The US Congress is starting to question this whole crypto thing

Hundreds of thousands investors have just collected billions in their collective electronic pockets. Yet crypto remains the untouchable queen in the antiquated marble halls of the US Capitol.

Of course, a handful of lawmakers are waving — or at least limping — red flags after FTX cryptocurrency exchange has imploded earlier this month. Even like hundreds of millions of dollars the value of happiness, pensions, and even basic health care has been erased with a cunning blink of a brother’s eye, Congress is cool, calm, and collectively, well, dumb.

“It’s not really a question that I know well,” says Bernie Sanders, the independent US senator from Vermont who plays a Democrat every four years.

“I don’t really understand technology,” says U.S. Senator Josh Hawley, a tech-savvy Republican from Missouri.

House Democratic leaders seem to be on the same (if archaic) page. Asked about plans to deal with the volatile world of cryptocurrencies after the collapse of FTX, US Representative Hakeem Jeffries (D-New York), the current House Democratic Caucus Chairman and (presumed) future leader of the House Democrats , be cautious. “Well, I think that’s a question that I presume will be taken up by the Financial Services Committee,” he says.

Talking to lawmakers, it looks like Congress is still wrestling with the definition of what “money” is, even though most of us have moved way past the nation’s representatives and continue to ask when we’ll get our money back, digital or otherwise. . And despite the current crypto meltdown, according to Jeffries and many other powerful party leaders, it’s time to kill.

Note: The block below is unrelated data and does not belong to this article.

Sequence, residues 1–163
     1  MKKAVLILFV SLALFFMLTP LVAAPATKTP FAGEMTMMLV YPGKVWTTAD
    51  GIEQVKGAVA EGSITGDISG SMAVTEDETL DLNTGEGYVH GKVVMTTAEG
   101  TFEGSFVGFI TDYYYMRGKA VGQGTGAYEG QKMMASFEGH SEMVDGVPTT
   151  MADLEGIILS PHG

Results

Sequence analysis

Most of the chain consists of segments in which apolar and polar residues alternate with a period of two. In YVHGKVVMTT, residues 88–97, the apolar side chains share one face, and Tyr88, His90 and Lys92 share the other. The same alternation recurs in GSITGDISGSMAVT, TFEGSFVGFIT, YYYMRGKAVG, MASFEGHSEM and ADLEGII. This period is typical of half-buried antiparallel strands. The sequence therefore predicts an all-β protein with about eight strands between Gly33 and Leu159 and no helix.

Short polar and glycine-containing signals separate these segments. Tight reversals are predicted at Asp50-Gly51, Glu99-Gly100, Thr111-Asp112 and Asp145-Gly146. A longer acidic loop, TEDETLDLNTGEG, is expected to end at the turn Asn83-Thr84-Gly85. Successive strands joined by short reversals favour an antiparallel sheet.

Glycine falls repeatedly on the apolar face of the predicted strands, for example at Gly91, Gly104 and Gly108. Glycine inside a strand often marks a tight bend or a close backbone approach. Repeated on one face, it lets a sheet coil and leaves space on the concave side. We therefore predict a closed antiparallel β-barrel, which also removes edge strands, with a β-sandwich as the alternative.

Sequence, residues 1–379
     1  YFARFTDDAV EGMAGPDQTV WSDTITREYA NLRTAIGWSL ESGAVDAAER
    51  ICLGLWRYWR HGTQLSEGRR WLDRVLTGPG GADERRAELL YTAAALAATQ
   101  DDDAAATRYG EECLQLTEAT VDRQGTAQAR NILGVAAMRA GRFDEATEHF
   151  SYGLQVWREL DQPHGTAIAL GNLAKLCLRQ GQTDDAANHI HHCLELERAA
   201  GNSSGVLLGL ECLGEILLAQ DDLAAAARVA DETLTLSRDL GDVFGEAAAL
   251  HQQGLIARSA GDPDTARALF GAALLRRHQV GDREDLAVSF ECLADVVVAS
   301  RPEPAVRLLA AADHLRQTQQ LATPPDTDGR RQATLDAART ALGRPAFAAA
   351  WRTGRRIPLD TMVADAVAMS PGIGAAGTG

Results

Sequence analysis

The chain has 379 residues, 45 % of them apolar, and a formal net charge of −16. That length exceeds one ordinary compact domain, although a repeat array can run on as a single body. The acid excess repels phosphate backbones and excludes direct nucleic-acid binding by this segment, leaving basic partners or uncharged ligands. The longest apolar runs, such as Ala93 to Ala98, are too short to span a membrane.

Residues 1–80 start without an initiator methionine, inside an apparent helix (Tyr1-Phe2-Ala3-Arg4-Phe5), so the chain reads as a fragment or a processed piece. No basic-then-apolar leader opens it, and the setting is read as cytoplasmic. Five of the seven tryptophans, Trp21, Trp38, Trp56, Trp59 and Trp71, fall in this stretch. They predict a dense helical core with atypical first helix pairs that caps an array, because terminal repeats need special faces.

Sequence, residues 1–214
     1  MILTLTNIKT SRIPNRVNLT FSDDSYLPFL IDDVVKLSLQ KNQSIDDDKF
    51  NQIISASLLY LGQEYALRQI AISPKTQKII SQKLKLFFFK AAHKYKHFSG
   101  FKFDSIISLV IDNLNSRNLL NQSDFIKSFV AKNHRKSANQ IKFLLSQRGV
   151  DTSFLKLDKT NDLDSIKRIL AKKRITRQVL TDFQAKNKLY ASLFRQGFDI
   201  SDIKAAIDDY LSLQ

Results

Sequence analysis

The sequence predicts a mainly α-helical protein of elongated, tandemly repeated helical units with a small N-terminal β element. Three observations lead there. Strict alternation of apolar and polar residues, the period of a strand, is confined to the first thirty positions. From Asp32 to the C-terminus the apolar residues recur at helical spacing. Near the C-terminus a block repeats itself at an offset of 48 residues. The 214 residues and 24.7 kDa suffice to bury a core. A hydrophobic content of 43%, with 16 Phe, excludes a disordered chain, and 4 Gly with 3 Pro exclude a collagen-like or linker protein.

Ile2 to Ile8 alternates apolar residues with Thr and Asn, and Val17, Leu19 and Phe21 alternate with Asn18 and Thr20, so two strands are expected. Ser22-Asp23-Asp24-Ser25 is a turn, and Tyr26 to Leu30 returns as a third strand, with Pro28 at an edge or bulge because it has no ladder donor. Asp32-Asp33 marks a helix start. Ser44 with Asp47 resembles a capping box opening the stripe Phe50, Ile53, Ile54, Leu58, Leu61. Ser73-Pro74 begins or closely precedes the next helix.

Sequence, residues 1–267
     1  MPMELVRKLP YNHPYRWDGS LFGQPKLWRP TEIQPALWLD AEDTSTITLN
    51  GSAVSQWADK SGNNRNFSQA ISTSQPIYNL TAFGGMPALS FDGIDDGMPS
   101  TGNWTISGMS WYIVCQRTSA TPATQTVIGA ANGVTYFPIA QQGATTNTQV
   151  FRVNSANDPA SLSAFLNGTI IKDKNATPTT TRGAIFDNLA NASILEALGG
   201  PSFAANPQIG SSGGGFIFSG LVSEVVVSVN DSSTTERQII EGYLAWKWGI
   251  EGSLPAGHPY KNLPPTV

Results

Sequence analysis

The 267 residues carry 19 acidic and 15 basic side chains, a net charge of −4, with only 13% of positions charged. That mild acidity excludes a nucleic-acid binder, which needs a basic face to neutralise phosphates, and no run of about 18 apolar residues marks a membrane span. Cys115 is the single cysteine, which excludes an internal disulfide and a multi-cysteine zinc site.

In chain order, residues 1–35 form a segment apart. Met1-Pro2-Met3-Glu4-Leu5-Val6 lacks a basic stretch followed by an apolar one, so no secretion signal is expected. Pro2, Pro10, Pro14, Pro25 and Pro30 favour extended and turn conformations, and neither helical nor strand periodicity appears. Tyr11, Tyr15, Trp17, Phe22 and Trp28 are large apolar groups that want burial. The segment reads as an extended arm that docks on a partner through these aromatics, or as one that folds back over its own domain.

“There’s a whole host of issues that I think we plan to work on, and I can imagine the cryptocurrency industry situation will be one of them going forward,” Jeffries adds.

According to U.S. Senator Cynthia Lummis (R-Wyoming), the rise of cryptocurrencies and the dangers that come with them have taken Congress by surprise.

“I think a lot of congressmen assumed that the digital asset industry might be on the back burner because it’s immature,” Lummis says. “It is growing faster than people imagine. And now, with Elon Musk announcing that he could use Twitter as a payment platform, I mean, this industry is much more mature than people realize. It’s time. It is time to regulate. It’s time to put buffets on it.

Lummis is not just a Republican. She is Wyoming, a state that aims to be the “crypto capital” the United States. She was a founding member of the House Freedom Caucus. Like the caucus itself, it has turned to MAGA in recent years, but its libertarian streaks remain pronounced – and crypto is the best thing since sliced ​​gold bars for the laissez-faire Lummises of the world.

As anti-regulation as Lummis is, she has been at the forefront of calling for restraints — “regulations,” even though that is still considered a four-letter word in most Republican circles. She wants bumpers, at the very least.

“There will always be companies dealing with digital assets that fail even after they’re regulated, but at least we’ll have protections and reporting for consumers – and the most important thing is to separate customer assets from customer assets. ‘financial institution.’” Lummis says. “What happened with FTX is that they were lending client assets.”


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